Building on old magic lanterns and other 17th-century projector technologies, these apparatuses present viewers with a duet of cinematic projections created without film. The Shadow Machines project the delicate and crisp shadow of a small cocoon-like sculpture. As the focal lens shifts slowly forwards and backwards, the projected image appears to turn the small sculpture almost inside out. The visual illusion of shifting focus through an object leaves us unable to decipher the difference between the inside and the outside of the sculpture. The small cocoon is transformed from a still, static form and metamorphosed into a moving shadow.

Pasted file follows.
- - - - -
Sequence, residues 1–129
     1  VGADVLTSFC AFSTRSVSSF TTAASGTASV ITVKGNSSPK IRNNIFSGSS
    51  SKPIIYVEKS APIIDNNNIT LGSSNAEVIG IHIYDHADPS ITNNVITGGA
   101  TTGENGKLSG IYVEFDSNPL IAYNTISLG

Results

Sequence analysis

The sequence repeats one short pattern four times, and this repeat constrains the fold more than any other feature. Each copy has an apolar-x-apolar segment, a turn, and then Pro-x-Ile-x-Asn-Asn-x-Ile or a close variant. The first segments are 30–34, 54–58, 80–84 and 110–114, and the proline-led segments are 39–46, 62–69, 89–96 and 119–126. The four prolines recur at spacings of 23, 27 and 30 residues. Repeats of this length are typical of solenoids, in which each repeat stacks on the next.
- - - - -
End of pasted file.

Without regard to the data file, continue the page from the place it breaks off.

Layne Hinton is a multi-disciplinary artist and independent curator based in Toronto. Through analog projection, sculpture, installation, video, drawing, and printmaking, her artwork examines collections of architectural forms, geometric structures, and the way in which line, light, and shadow play with these spaces. Continuing her exploration of space, she has curated for Art Spin since 2010, alongside her collaborator Rui Pimenta, a not-for-profit arts organization with a focus on presenting site-specific and temporary public art projects in alternative spaces. Most notably in 2016 Hinton led the in/future festival as Co-Artistic Director, an ambitious and unique 11-day multidisciplinary art and music festival that reopened Ontario Place to the public with site-specific installations, screenings, talks and performances. Most recently Hinton curated a major exhibition area for Nuit Blanche Toronto in 2019. Hinton holds a BFA from OCAD University in Integrated Media, with a minor in Printmaking. Her work has been shown in Toronto at the Art Gallery of Ontario; YYZ Artist's Outlet; O'Born Contemporary; InterAccess Electronic and Media Arts Centre; and Pleasure Dome. And abroad with WRECK CITY, Calgary; Forthwith Festival, Winnipeg; the Lower Gallery at University of Buffalo SUNY; Mono No Aware NYC; The Frank C. Ortis Gallery, Pembroke Pines, Florida; L'École des Beaux Arts Paris; and the Hermitage Museum, St. Petersburg, Russia.